A Little Jura in the Night

Good friends came to enjoy dinner with us this evening. Mark brought a bottle of Jura whisky which I had given him as a thank-you for looking after Joe The Dog.  He hadn’t yet sampled it, so we had a post-prandial bottle-opening session. This is the whisky I like best – robust, yet not heavy and with hints of oak and notes of honey and caramel, soft liquorice and roasted coffee beans (OK, I got that from the Jura Distillery site – it just tastes like a stonking good whisky to me!). Mark only knew that this was a Scottish whisky, so I showed him the Island of Jura on Google Earth and then some photos of the place. This is my favourite place out of all those I have visited in the world. That’s why it features in The Butterfly & The Bull. Although it’s only about seven miles from the Scottish mainland, it has a wild and isolated feel about it.  It is rugged, with wild moorland and rocky coastlines.  And yet, at Jura House, there exists the most luxuriant walled garden with shrubs, herbs, vegetables and herbs galore. About one hundred and fifty people live on the island. There is one road, one hotel, one store, one distillery.  In the novel, I envision an island bereft of its absentee landowners, its tourist trade and its reliable links with the mainland.  The island community pulls together to bridge the gap between one set of circumstances and another. They are helped in this by one of their own. Colin McKay. A modest genius. The character is based on a real Juraman I met in 2009. He liked the local whisky, too, as I remember.


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6 responses to “A Little Jura in the Night

  1. A little night music to my ears…

  2. Old Laughing Lady

    Did Mark enjoy this excellent single malt……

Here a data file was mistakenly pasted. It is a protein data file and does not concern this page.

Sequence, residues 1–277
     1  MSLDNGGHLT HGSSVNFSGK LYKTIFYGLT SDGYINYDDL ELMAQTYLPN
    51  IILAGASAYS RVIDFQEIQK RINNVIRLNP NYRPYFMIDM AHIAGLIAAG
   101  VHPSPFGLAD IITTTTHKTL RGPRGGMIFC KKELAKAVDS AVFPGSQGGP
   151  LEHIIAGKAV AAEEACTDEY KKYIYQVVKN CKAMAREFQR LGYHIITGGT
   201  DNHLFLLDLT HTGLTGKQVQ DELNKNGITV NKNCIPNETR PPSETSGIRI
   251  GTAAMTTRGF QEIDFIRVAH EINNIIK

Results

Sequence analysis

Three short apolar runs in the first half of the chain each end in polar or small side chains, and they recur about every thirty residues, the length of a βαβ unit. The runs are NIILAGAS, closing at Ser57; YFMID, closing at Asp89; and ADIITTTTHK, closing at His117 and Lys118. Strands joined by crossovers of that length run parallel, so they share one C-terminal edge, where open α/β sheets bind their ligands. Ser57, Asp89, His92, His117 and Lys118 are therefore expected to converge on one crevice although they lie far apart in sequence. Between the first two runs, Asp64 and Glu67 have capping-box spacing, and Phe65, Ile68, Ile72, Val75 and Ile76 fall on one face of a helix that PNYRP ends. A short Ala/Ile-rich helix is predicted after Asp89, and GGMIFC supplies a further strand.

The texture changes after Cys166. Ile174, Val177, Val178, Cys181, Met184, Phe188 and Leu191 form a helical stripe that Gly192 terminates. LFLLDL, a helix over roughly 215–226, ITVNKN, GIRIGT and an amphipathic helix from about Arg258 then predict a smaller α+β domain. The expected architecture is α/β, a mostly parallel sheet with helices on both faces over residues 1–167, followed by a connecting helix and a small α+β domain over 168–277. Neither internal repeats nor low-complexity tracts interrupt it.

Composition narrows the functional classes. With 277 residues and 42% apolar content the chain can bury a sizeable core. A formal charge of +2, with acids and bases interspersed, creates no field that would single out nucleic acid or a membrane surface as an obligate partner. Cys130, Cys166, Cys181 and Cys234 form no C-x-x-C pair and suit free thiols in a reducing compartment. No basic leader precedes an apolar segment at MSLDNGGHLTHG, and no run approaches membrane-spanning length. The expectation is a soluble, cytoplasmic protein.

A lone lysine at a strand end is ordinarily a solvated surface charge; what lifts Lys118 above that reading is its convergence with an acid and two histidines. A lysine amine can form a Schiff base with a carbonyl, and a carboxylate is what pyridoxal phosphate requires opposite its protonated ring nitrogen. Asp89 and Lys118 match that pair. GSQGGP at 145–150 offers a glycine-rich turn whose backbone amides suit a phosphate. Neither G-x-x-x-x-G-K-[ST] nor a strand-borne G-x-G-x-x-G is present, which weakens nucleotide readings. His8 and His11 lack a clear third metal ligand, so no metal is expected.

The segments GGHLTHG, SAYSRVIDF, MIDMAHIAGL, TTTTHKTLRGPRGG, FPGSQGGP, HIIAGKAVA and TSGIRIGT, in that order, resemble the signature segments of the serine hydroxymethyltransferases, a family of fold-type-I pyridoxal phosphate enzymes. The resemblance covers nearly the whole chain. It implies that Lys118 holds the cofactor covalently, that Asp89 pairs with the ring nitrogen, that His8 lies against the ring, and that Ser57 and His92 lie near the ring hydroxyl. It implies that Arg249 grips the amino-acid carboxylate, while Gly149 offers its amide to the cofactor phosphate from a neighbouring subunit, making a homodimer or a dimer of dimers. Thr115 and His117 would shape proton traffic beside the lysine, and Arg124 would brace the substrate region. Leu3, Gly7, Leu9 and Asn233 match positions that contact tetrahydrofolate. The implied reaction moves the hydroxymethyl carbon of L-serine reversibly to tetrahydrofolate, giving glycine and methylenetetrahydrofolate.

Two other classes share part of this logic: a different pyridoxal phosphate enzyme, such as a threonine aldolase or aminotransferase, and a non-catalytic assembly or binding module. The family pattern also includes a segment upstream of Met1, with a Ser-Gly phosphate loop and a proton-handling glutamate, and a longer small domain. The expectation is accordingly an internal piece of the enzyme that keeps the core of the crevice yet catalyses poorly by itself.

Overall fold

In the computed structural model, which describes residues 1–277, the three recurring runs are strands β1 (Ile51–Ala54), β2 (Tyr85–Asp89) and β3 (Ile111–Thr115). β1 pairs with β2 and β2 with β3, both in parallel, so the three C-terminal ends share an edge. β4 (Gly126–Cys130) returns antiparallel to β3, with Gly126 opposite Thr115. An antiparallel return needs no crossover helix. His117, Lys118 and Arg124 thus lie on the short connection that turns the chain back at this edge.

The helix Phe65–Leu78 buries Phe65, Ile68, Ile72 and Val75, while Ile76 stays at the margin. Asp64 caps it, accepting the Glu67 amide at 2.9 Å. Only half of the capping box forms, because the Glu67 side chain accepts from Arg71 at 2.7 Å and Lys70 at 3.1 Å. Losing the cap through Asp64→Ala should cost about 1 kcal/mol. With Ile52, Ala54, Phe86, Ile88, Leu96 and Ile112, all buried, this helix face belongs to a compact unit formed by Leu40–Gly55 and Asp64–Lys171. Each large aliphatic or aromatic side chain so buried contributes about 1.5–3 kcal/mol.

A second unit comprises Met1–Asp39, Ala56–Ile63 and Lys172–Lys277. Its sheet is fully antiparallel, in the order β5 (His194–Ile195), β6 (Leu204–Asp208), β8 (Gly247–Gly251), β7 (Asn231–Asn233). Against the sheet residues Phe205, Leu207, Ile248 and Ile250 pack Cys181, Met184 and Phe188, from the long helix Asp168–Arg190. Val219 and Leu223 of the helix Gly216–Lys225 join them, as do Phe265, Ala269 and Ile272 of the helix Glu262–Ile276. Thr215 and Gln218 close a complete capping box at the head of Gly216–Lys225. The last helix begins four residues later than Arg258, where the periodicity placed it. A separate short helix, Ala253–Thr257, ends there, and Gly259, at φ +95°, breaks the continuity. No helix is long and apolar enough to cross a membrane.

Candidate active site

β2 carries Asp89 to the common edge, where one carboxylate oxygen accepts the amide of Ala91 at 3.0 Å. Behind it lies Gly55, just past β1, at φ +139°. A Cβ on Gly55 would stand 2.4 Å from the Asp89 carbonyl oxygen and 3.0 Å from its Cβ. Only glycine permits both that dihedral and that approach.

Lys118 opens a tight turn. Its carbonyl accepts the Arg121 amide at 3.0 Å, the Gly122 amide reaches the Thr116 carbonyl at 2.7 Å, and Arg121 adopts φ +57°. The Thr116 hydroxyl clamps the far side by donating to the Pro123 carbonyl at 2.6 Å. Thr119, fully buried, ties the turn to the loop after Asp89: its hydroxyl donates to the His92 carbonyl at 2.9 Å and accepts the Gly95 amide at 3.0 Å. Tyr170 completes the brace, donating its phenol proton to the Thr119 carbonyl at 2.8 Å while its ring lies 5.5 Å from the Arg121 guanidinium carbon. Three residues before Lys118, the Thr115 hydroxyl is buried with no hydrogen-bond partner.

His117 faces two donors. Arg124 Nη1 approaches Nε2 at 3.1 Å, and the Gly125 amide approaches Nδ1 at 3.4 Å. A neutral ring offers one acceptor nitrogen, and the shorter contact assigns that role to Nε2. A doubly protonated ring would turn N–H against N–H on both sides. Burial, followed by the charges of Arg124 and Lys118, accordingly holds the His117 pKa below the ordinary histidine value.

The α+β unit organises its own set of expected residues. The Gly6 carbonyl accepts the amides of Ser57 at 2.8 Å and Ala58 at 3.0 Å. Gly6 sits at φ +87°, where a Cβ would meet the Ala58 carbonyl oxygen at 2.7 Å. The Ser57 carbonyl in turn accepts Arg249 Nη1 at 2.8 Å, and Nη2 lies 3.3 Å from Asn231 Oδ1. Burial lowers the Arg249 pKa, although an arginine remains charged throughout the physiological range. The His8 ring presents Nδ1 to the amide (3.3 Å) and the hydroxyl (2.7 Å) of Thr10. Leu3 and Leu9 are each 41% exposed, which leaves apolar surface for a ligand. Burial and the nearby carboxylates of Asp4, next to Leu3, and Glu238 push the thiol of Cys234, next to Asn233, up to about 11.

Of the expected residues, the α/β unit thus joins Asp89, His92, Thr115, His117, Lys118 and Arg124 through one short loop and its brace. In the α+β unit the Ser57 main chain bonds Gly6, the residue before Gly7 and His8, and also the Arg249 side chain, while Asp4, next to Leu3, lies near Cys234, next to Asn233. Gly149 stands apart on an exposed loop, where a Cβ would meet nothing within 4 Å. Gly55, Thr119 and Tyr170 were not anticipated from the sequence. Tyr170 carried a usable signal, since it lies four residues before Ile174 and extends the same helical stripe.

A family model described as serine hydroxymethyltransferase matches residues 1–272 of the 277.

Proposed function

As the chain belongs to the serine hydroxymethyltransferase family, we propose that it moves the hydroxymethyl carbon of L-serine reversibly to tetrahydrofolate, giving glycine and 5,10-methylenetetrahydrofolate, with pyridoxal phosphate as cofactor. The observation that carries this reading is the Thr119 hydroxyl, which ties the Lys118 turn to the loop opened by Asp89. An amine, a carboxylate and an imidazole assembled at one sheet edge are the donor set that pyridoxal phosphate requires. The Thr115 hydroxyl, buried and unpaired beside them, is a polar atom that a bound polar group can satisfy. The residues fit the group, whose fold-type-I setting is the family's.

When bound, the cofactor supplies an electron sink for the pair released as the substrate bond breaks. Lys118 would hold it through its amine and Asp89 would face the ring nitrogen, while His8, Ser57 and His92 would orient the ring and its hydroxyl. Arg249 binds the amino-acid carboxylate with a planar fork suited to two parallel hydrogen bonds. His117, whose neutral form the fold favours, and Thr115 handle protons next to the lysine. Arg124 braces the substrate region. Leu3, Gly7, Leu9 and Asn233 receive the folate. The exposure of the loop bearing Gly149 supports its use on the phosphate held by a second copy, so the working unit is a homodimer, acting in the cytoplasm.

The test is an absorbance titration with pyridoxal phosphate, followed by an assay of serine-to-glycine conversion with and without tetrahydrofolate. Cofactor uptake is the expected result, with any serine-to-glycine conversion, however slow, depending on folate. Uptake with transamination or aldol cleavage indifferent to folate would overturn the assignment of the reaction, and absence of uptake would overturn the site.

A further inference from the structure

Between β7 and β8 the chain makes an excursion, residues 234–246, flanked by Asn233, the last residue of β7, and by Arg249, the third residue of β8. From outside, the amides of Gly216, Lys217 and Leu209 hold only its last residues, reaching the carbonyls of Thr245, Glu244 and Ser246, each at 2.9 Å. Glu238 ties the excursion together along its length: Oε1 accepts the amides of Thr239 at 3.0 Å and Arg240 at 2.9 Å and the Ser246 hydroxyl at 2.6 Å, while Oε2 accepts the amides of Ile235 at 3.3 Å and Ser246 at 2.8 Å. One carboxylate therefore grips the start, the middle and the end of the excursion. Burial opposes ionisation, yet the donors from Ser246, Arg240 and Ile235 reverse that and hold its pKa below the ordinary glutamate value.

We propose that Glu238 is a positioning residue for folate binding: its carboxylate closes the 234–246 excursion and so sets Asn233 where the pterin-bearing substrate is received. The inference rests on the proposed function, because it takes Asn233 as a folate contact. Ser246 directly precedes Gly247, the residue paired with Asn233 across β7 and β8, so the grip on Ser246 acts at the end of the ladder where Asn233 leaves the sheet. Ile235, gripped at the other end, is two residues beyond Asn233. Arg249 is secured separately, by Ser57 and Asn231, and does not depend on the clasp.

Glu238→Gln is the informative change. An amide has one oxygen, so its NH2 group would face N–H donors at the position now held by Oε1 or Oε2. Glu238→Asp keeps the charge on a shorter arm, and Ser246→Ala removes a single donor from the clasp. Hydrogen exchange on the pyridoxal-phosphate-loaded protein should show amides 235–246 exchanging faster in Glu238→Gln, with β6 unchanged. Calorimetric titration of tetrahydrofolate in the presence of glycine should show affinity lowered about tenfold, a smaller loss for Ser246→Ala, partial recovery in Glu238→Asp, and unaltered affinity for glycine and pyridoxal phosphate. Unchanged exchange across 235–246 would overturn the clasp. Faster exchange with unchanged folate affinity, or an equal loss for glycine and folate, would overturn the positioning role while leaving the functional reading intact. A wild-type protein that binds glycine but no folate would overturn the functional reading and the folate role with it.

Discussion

• You have never seen a man enjoying his whisky as much as he did! He was beaming all over his face and looking forward to our next meeting. It is a grand little snifter, I must say.

      • Old Laughing Lady

        Gordon cracked open a bottle of Jura at Ne’erday, I didnt try it but you may have talked me into having a wee taster. My favourite has to be McCallan.

        Now someone once told me that a malt should be served with a dash of water, some say just an ice cube while I prefer it just as it comes…….

        The closest I have been to Jura is when we took a trip in the sea leopard across Corryvreckan, we stopped in the Bay of Pigs for coffee. The area was covered in jellyfish. One day we may manage to get there, in the meantime we will continue to discover Scotlands other hidden gems and well kept secrets. To Sutherland and beyond….

  3. I thoroughly recommend the Jura. Gordon is clearly a man of guid taste. I’m a great fan of the McAllan, though – a fine whisky.
    I’m a “nae watter” man myself. It seems like sacrilege to dilute something which has taken ten years or more to come to a fine maturity.
    I’ve anchored in the Bay of Pigs many’s the time – never with jellies, though. I agree that there are plenty of hidden gems in Scotland to keep anyone happy for a lifetime.

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